For today's PSYC 3904 assignment, compare and contrast INNER BEAUTY with PRIMAL URGES. Are they mutually exclusive or are they BOTH part of the WHOLE?

Johnny Jack Johnson 1:40 AM  

"This managed to combine being very hard with being very stale (theme-wise)."

The gimmick wasn't stale at all.

Puzzle was hardish because of the trivia and some difficultish clues/entries.

Nice Thursday puzzle.

Mike in Mountain View 1:41 AM  

Nice one @Anoa Bob.

I had anIMAL URGES before PRIMAL ones. Maybe that was my INNER BEAsT_.

Tom 1:45 AM  

It’s PSYch, not PSY. Never heard anyone say “I’m a PSY major.” Also object to YARNED. That’s a nonexistent verb. That’s HOOHA, which I always thought was a synonym for BS. got the trick about three-fourths of the way through and appreciate the cleverness...sort of.

Joel 1:59 AM  

While one certainly might object to PSY over PSYch, the notion that psychology isn't in the liberal arts is laughable. Virtually every liberal arts college/school of arts and sciences/whatever in higher education is going to have a psychology department. Psychology is one of the core social sciences, and the social sciences are a third of the liberal arts, along with the humanities and the natural sciences.

chefwen 2:03 AM  

Hand up for looking at back to be a rebus, just couldn’t figure where to squish it it. Like Rex, the AHA moment came a little late, but it did come and make the puzzle a lot easier.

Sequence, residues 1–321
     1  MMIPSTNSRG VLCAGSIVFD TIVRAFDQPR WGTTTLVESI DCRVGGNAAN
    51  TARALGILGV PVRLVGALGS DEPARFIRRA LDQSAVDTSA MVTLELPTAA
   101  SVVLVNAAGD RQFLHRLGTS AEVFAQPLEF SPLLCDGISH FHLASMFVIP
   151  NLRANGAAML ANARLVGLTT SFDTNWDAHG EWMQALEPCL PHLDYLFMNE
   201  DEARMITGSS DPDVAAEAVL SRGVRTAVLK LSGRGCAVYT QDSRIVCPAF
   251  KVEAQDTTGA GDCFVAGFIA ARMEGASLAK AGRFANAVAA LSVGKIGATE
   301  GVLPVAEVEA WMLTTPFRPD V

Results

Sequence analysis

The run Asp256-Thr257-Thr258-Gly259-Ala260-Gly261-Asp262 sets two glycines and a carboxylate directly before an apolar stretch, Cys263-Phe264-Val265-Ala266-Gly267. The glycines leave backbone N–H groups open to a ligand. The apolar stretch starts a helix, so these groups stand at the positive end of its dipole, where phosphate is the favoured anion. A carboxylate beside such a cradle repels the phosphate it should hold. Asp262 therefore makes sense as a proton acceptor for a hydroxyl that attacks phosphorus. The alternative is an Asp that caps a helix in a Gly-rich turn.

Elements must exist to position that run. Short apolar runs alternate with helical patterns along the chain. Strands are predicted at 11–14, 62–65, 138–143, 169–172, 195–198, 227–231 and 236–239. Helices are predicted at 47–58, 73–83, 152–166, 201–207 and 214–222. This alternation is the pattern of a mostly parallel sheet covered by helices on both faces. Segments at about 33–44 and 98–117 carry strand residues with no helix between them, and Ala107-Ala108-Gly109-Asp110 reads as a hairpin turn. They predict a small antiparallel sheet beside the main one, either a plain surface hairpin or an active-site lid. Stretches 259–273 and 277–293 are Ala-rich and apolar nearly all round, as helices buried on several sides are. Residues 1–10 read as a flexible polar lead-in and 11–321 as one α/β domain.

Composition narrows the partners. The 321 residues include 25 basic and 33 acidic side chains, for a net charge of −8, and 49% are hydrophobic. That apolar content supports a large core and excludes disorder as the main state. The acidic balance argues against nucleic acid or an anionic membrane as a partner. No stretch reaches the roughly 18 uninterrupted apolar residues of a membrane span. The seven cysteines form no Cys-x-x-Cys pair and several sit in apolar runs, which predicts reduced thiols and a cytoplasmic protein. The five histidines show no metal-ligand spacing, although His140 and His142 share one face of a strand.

My favorite was AND DONT EMOC back. Have wanted to say that to a few people, but lack the nerve. We actually had a business associate of my husband come for dinner who started moving our living room furniture around and said “it works better this way”. Who does that?

Loved the puzzle, fun Thursday.

Rev. Joseph Rockhead, S.J., M.R.I., D.W.P. 2:16 AM  

I got the theme at 1 Across and tore through the puzzle, finishing in 18.537 seconds.

I want to be cloned just so I can shake my own hand.

Mark 2:38 AM  

OK. I'll prepare myself not to be too surprised if I ever see BIO clued as "liberal arts dept"

Gerry Kahle 3:02 AM  

Didn't know RIVOLI or ENID. Guessed "i" but could have easily been Naticked there.

Loren Muse Smith 4:03 AM  

Hah! Yeah – this was really tough until I got the trick. That aha moment was so satisfying.

Unlike Rex, I haven’t seen this kind of trick so much. Played around with it at one point. Ahem.

Liked the clue for SOLAR CAR. And I appreciated WE’LL BE THGIR in this AD AGE. They’re never right back. It’s usually 4 or 5 minutes. Crazy.

I didn’t have the same reaction as some to HOO HA, but now I can’t help but notice its position right next to INNER BEAUTY.

And while I’m still in the gutter, PRIMAL URGES crosses RUT.

@nanpilla pointed something out to me at my first ACPT: SPRY is reserved for old people. It’d be weird to tell a mom that her TOT is SPRY, right?

SHIRT went right in; didn’t think “sport.” And I liked the two consecutive mob clues (5D and 6D) and two consecutive wine clues (12D and 13D).